By: Kristen Morrow, JCC Naturalist
Address: 4045 245th St NE, Solon, IA 52333
Size: 132 acres; 2+ miles of hiking trail
What to expect: This JCC park is truly one of a kind. A visitor can enjoy 2 miles of heavily shaded trails through a mature oak-hickory forest, hike along a small crystal clear stream, or catch tadpoles and fish in the large pond. In addition to the stunning nature, this park also boasts unique architectural features. The 100′ diameter Celebration Barn is one of the first things a visitor will notice as they drive up 245th St. This handmade round barn, built by Dick Schwab using locally sourced materials, is the last-built of several round barns on the property. It is often open for the public to tour during summer weekdays. A stone arch, stone amphitheater, and brick labyrinth, all located just outside the Celebration Barn, round out the uniqueness of this space.
Note: This property is adjacent to Big Grove Preserve, an 80-acre Bur Oak Land Trust property. There are over two miles of trails at Big Grove, and when paired with Cangleska Wakan, makes a 4+ mile trail network. Visitors to Big Grove should park at Cangleska Wakan’s western parking area, located near the three smaller round barns. From there, Big Grove visitors can either walk down Starry Night Lane to the official Big Grove trailhead, or hike through Cangleska Wakan and access the preserve via the interconnected trails.
How to prepare: Print a map to bring along if this is your first visit as there are multiple trail intersections to keep track of.
Where to park: There are two parking areas, one right at the entrance to the Celebration Barn and one further into the park, along the western park boundary. The western parking area is preferred, as it is larger and closer to trail access and bathrooms. Both parking areas are readily plowed in winter months.
Bathrooms: Portable restroom available year round by three round barns; When the Celebration Barn is open, unlocked, and not in use for events, indoor restrooms are available to the public.
Dogs: Allowed, but must be kept on-leash, and all pet waste must be bagged and packed out.
A Brief History of Cangleska Wakan as Public Land
One of the first questions that most people ask in regards to this park is how to pronounce its unique name. The name, Lakota Sioux in origin, is pronounced chan – gle’ ska – wa kan’.
Cangleska Wakan translates to ‘Sacred Hoop’ or ‘Sacred Circle’ and refers to the interconnectedness of all things. The circle or hoop refers to such things as the seasons, cycles of life, the earth, sun, moon and stars, and essentially all things in the universe. With the areas signature round barns, labyrinth, arch, seasonal cycles and circular nature of life, death and recycling of all living things, the name will help all people recognize and connect with their place throughout time. The idea for the name came through the land’s previous owners, Dick Schwab and Katherine Burford, after much thought and consideration. The naming process took more than a year as the Johnson County Conservation Board worked with several indigenous peoples in the Midwest. The cultural affiliations touched with the naming process have included the Ioway, Sisseton and Yankton Sioux, Winnebago and Ho-Chunk nations.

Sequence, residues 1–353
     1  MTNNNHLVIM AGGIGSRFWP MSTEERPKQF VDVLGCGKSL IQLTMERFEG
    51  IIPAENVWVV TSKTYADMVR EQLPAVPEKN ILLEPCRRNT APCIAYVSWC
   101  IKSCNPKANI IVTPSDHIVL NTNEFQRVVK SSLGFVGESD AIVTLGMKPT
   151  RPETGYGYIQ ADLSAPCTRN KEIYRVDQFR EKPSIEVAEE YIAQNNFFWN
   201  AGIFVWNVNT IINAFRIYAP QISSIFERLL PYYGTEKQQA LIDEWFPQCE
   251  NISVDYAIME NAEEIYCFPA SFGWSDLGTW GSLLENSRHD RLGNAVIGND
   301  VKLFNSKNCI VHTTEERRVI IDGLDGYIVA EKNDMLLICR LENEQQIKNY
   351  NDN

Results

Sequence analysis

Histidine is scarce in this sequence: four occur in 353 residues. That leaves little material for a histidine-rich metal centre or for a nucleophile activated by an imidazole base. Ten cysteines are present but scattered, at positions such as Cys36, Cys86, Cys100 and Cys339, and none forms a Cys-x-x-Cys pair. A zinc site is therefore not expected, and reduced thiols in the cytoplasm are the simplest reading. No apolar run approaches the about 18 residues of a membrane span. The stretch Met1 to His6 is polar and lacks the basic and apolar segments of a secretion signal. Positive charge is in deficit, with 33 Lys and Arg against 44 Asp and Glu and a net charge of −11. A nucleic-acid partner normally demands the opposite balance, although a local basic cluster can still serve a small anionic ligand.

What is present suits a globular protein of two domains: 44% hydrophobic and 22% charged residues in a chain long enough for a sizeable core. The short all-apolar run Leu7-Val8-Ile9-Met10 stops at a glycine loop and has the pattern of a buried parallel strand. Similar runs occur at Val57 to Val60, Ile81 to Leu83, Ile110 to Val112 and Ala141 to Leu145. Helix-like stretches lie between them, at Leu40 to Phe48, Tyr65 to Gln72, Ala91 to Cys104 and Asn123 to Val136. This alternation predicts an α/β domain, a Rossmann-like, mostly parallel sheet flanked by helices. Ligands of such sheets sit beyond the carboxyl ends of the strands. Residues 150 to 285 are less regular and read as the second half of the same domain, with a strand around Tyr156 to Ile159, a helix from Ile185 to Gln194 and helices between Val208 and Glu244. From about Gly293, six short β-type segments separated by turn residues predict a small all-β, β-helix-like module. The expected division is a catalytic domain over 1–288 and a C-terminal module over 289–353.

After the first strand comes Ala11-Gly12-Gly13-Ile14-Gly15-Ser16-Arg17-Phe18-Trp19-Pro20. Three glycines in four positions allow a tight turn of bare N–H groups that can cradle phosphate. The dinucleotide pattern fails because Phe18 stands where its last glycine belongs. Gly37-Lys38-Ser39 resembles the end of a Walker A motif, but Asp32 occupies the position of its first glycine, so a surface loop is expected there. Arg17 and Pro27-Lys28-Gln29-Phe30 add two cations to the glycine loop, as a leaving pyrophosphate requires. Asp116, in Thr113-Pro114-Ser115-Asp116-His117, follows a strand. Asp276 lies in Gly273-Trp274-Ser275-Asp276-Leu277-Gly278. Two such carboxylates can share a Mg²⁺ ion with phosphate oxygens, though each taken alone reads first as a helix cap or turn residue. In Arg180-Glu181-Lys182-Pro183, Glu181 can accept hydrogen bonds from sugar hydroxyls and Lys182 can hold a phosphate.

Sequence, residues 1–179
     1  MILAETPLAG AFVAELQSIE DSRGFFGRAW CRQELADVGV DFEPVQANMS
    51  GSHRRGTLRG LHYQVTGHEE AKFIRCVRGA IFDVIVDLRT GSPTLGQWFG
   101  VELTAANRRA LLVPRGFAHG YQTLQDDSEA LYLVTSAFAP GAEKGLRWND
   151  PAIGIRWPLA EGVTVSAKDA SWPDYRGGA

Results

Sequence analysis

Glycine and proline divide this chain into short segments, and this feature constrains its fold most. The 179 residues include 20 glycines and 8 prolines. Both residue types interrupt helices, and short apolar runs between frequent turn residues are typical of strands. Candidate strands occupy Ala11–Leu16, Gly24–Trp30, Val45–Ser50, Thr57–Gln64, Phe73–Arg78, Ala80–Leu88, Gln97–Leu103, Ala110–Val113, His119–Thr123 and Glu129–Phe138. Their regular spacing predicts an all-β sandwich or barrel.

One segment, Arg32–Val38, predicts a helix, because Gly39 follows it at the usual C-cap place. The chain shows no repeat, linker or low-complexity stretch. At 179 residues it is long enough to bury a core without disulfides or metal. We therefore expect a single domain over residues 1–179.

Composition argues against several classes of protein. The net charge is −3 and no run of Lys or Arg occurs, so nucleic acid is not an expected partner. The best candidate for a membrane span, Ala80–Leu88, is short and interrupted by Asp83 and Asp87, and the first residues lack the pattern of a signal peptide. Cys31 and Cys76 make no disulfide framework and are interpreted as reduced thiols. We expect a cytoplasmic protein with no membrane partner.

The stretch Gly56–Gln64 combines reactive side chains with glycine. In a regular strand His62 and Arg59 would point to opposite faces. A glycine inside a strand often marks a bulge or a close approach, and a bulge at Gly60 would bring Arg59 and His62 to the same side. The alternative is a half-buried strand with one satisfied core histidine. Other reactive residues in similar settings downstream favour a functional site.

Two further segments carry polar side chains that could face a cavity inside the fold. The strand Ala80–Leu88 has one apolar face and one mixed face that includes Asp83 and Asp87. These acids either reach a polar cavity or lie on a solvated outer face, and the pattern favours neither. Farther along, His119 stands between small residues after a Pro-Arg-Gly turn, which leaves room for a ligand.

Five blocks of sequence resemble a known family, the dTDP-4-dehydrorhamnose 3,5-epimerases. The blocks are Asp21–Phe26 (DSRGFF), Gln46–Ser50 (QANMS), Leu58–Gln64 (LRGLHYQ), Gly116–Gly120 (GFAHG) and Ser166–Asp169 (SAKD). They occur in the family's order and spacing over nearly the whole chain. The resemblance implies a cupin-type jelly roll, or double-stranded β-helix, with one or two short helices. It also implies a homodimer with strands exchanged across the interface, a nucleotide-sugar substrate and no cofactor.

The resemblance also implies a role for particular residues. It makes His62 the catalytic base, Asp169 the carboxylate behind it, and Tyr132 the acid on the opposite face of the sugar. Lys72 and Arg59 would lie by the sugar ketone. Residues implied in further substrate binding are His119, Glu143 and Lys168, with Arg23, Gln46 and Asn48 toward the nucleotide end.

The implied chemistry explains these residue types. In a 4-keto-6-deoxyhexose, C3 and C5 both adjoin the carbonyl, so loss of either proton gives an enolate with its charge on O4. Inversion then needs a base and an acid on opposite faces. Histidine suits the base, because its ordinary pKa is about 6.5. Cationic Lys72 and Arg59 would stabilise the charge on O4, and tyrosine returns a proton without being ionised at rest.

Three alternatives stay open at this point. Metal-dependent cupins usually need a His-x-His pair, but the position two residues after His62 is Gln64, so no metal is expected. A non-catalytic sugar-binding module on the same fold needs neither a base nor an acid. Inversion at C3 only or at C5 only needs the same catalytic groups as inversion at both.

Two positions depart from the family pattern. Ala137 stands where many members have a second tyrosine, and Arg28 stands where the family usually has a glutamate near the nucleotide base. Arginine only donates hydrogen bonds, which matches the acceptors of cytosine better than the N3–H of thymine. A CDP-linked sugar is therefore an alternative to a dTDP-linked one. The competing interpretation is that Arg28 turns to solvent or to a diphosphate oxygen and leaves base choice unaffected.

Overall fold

Cangleska Wakan was acquired by JCC in 2018 through both purchase and donation. Dick Schwab and Katherine Burford donated a value of $1.2 million of the property’s assessed worth to the county – the largest donation in JCC’s history.
JCC has been working on a master plan for this park’s public use in regard to staff, modified structures, marketing and philosophy. The public can expect exciting changes and upgrades in years to come.
A Naturalist-led Hike into Cangleska Wakan
Cangleska Wakan has grown to be one of my favorite hiking get-aways, especially during the summer months when I crave respite from the heat. In this grove, I find shade, an endless palette of green, and a leaf-muffled quiet for my often too-busy mind (interrupted only by birdsong and trickling stream).
Of course, a virtual hike here in January presents with a very different feel. Green gives way to blues and whites, the quiet thickens in the snow-covered world, and signs of life are mainly evident only by the tracks left behind.
I generally prefer to enter from the western parking area, as it is much larger. This parking area is also closer to the trails, with the closest trailhead tucked behind the three round barns.
This is the trailhead that JCC recommends using for all hikers starting at the western parking lot, in order to keep hikers off of the road and away from traffic. However, for the purposes of showing more park features, this virtual hike will head down Scotts Lane a little further (Note: Scotts Lane is open to local residents, and all visitors should be aware of traffic while walking along this road, stick to the far side of the road, and be ready to get further to the side if necessary).
A little ways down Scotts Lane, past the picturesque round barns on the right is a cozy little open-air shelter on the left. This shelter is open to the public to use, and it makes for a breezy reading or picnic hangout in the summer or a nice wind block in the winter.
At the base of the hill, you can look up towards the Celebration Barn and stone arch.